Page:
A tie-up with Mega had once been a possibility but has since receded. Among the other names linked to First Financial is Taishin International Bank, which itself merged with Dah An Commercial Bank last year.
[Box] What Needs to be Done
After a long career with Citibank, Eric Chen last year became president and CEO of the Chinatrust Commercial Bank, one of Taiwan's leading private financial institutions. In October this year, he was invited to address the Taiwan Business Alliance conference for foreign investors on the subject of Taiwan's capital markets.
In the first section of those remarks, Chen noted Taiwan's strengths underpinning its capital markets:
* A large, active stock market with total market capitalization of US$360 billion, third in Asia outside Japan, but with the highest turnover in the region. Over 1,000 companies are listed on two exchanges. Since1998, foreign ownership in the Taiwan equity market jumped from 4% to 23.6%.
* In the bond market, outstanding funds doubled in the past five years to reach US$108 billion. Corporate bond and financial debenture issuances now account for 30% of the local bond market.
* In the first three quarters of 2003, 55 Taiwan listed companies raised US$11.5 billion in the international market, accounting for 79% of the total ex-Japan Asian cross-border fundraising.
* Foreign portfolio investment in Taiwan totals US$85 billion. At 227 companies, foreign investors hold more than 10% of the shares.
* Technology companies account for 56% of market capitalization and 57% of market turnover. There are 501 technology companies listed on the Taiwan exchanges, making Taiwan one of the most important IT countries in the world.
* 61% of Taiwan-listed companies invest in China for production or marketing -- the highest degree of China connection in the world aside from Hong Kong. Almost 70,000 Taiwanese manufacturers operate in China, and the Taiwanese investment there is estimated to total between US$50 billion and US$100 billion.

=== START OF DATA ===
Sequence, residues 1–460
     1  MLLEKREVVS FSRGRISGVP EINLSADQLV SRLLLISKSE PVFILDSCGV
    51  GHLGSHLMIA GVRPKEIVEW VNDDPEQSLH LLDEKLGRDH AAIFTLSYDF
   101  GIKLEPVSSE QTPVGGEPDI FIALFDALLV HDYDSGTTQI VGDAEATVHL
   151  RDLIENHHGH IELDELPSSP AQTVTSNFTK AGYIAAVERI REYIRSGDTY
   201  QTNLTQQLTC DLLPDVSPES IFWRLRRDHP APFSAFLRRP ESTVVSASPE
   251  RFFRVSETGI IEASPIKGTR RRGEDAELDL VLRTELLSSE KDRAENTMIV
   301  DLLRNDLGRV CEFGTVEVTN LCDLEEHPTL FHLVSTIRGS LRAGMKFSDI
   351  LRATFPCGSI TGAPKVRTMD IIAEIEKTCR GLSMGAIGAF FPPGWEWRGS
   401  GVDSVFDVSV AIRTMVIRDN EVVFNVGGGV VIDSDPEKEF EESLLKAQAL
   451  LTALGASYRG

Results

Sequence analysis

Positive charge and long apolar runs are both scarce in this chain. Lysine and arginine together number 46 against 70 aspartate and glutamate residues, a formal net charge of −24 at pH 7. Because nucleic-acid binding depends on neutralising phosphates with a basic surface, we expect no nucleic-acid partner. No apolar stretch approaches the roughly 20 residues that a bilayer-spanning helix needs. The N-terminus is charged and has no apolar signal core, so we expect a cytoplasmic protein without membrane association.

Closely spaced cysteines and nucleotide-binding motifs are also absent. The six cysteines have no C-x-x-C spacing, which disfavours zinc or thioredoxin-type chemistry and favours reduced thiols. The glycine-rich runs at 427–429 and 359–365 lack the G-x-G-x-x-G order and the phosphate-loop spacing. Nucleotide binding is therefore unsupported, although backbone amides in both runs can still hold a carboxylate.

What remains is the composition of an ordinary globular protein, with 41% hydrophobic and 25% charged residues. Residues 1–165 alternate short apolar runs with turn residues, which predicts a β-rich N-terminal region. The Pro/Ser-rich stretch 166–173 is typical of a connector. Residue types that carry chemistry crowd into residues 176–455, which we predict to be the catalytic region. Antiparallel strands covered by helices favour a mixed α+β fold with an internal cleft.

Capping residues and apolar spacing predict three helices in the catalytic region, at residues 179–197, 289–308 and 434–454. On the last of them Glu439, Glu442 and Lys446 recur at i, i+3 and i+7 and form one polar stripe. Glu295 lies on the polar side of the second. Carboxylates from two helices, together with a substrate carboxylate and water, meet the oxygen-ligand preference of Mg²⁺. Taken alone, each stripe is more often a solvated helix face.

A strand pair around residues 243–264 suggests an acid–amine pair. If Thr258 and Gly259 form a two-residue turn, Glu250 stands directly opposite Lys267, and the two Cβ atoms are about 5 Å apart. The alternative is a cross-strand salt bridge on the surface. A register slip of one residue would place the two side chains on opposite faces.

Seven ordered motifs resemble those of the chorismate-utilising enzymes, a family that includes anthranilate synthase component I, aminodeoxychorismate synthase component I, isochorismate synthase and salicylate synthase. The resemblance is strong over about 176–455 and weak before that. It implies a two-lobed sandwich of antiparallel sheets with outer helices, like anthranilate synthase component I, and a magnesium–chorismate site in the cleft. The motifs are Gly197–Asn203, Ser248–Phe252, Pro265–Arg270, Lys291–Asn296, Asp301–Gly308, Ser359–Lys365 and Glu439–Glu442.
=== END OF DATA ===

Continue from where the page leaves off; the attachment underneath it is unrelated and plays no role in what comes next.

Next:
In the second section of his talk, excerpted below, Chen outlined his views on the steps necessary to make Taiwan a first-class capital market.
Our government is taking significant steps to open up the local markets. This month, the 12-year-old Qualified Foreign Institutional Investors restriction was lifted. We understand that many other rules and regulations are under review in order to facilitate foreign investments into this country. While we welcome and applaud such initiatives, we also strongly believe that further, broader and faster deregulation is critical to the development of Taiwan markets and hence the future of the country.
A first-class market requires first-class operators. However, low profitability and volatile earnings restrict the growth of securities houses, key operators in this market. Current underwriting rules put limitations on stock and bond underwriters to compete in their distribution capabilities. Underwriters rely on their capital size to weather the risks. The result is low return on capital and high volatility in earning. We heard that our government is working on amending the rules to shorten the underwriting cycle and therefore reducing underwriters' risks. This is a good starting point.